Plot Development – There must be conflict (part 1)

The essence of storytelling is conflict, the struggle between opposing forces.  Conflict provides the motivation for your characters to act, to experience things they haven’t experienced before, to better understand who they are, and in some cases to evolve (or devolve) into someone different.  Basically, without conflict you have no story.

Types of conflict are internal (Man vs Self) and external (Man vs Man, Man vs Nature, Man vs Society, Man vs Machine, etc.).  Most stories include several of these and the outcome is generally the resolution of the primary conflict.

Typically external conflict forces the characters to face some type of internal conflict with which the reader can empathize.  Disaster movies are classic examples of this.  Some great catastrophe occurs – a terrible storm, a devastating fire, a cruise ship flips upside down and begins to sink – which forces the characters to struggle with internal issues in order to survive.  They must find emotional strength they didn’t realize they had.  Or maybe they must face a phobia that has plagued them their entire lives.  They might have to deal with a problem affecting a relationship or come to terms with the loss of a loved one.  In some cases they may even have to resort to violence or act in a way that shakes their very moral fiber.  Can they do it?  Will they do it?  This is what draws the reader in and holds his attention, what builds suspense, and what elicits an emotional reaction to the story.

Let’s look at an example of how external and internal conflicts affect the characters and can change the tone of the story.

Mary was at her teller window at the bank counter but her mind was elsewhere.  Her husband had lost his job almost three months ago and her young son had been ill.  The bills were piling up and their only source of income was her job.  And then the rumors started that there would be layoffs at the bank, as well.

She spoke with the branch manager that morning and told him how much she needed this job.  He said he understood and he would do what he could but it was really out of his hands.  Of course, Mary knew that was BS. It may not be his decision on whether or not to lay off employees, but he would decide who was let go.  And the fact of the matter was that he liked the younger women who worked there more than he liked her.  He was always flirting with them and she had heard that he was “involved” with one of them.  Mary knew that if any tellers were laid off she would be the first to go.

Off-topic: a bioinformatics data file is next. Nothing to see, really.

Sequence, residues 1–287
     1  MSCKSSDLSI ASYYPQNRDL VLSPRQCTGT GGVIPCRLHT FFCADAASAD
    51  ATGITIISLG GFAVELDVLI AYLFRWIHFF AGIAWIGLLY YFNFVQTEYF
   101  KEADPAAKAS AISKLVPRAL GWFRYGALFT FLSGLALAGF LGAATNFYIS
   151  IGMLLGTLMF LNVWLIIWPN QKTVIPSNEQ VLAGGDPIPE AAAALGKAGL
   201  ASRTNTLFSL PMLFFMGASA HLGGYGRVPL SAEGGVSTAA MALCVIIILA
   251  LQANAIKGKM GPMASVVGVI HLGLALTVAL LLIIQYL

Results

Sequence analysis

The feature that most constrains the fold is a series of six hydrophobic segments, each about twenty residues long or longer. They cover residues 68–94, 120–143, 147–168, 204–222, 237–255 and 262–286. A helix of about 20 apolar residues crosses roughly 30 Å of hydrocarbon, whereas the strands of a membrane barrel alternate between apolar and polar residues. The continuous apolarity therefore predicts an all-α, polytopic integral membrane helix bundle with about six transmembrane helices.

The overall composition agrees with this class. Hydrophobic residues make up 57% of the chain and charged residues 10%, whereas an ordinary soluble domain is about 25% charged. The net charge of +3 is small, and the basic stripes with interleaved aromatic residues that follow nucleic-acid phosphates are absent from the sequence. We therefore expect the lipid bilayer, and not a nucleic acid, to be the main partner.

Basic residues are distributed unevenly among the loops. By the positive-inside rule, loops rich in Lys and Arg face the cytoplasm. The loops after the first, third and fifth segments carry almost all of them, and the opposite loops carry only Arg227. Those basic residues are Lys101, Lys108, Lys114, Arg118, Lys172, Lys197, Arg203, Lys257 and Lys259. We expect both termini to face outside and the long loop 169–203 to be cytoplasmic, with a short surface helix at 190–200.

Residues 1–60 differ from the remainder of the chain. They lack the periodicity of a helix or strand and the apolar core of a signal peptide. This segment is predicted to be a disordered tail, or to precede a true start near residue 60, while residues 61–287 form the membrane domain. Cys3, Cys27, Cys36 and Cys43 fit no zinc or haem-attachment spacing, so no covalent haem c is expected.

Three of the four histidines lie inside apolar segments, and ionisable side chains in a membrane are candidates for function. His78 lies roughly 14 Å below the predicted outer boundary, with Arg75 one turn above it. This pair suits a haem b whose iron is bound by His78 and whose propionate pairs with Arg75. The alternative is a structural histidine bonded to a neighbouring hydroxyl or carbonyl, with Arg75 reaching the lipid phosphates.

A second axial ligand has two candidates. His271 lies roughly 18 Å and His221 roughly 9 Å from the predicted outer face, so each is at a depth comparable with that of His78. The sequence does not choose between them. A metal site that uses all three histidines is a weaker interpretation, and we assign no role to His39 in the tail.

The more she thought about it the angrier she got.  She despised her boss and was beginning to hate her job.  If she thought she could find work somewhere else she’d walk out of the bank today and never look back. Then the worries about her job vanished as three men suddenly burst through the front door.  They were wearing ski masks and dark overcoats.  Two of them carried shotguns and the third had a large pistol that he pointed directly at her as he walked across the bank lobby.

“Do exactly as we say and nobody gets hurt,” the man shouted.  He tossed several large bags on the counter and motioned at them with the gun.  “Fill ‘em up and be quick about it.  Anyone tries anything stupid, we start shooting.”

Okay, so Mary is definitely dealing with some internal conflict here – concern about the well-being of her family and, perhaps, some issues with self-esteem.  This is compounded by the external conflict of possible layoffs at the bank.  This is a tough situation and our hearts go out to her as we think about how we’d feel if we were in a situation like this.  Then another external conflict, the bank robbers, changes Mary’s focus.  It’s no longer about the job and what might happen in the future.  Now it’s about the very real, very immediate threat of violence.

Next week we’ll continue our story and see how changes in conflict can affect the reader’s perspective and the intensity of the story.  Will Mary’s internal conflict over her family’s issues affect her actions during the course of the robbery?  Will the threat of violence give her an epiphany about her job and what is really important in her life?  Will something happen during the robbery that will create even more conflict for poor Mary?  Stay tuned…



Filed under books, entertainment, writing

2 responses to “Plot Development – There must be conflict (part 1)

  1. Linda Nance

    I just found your site after the Reviewer’s Roundup discussion and can not wait to read more. I have so much to learn and thank you for such helpful information. I will be back soon.

    Sincerely Linda Nance

  2. Barbara Bachner

    Very helpful, Merrill. I can easily see that poor Mary already has some “chronic” stress in her life when suddenly, “acute” stress enters in the form of a gunman. Interesting to ponder just how the two types of conflict will battle it out within Mary. Pressure mounts, and decisions have to be made, and quickly.

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